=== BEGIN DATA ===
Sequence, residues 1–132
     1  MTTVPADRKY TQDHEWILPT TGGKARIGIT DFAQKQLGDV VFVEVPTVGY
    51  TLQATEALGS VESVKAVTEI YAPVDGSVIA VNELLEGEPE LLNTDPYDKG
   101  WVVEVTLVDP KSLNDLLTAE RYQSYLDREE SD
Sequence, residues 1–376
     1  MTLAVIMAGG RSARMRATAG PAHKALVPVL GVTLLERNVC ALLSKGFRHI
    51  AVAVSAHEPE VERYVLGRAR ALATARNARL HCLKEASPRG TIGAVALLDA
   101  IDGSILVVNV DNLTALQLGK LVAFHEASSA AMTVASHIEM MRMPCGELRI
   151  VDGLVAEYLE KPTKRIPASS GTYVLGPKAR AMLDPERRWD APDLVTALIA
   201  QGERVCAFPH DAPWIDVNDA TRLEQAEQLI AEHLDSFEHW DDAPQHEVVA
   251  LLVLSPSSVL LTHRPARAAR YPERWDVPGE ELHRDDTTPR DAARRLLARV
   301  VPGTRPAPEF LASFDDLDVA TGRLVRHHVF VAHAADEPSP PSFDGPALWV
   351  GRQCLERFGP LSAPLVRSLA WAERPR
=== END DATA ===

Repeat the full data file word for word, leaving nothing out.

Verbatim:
Sequence, residues 1–132
     1  MTTVPADRKY TQDHEWILPT TGGKARIGIT DFAQKQLGDV VFVEVPTVGY
    51  TLQATEALGS VESVKAVTEI YAPVDGSVIA VNELLEGEPE LLNTDPYDKG
   101  WVVEVTLVDP KSLNDLLTAE RYQSYLDREE SD
Sequence, residues 1–376
     1  MTLAVIMAGG RSARMRATAG PAHKALVPVL GVTLLERNVC ALLSKGFRHI
    51  AVAVSAHEPE VERYVLGRAR ALATARNARL HCLKEASPRG TIGAVALLDA
   101  IDGSILVVNV DNLTALQLGK LVAFHEASSA AMTVASHIEM MRMPCGELRI
   151  VDGLVAEYLE KPTKRIPASS GTYVLGPKAR AMLDPERRWD APDLVTALIA
   201  QGERVCAFPH DAPWIDVNDA TRLEQAEQLI AEHLDSFEHW DDAPQHEVVA
   251  LLVLSPSSVL LTHRPARAAR YPERWDVPGE ELHRDDTTPR DAARRLLARV
   301  VPGTRPAPEF LASFDDLDVA TGRLVRHHVF VAHAADEPSP PSFDGPALWV
   351  GRQCLERFGP LSAPLVRSLA WAERPR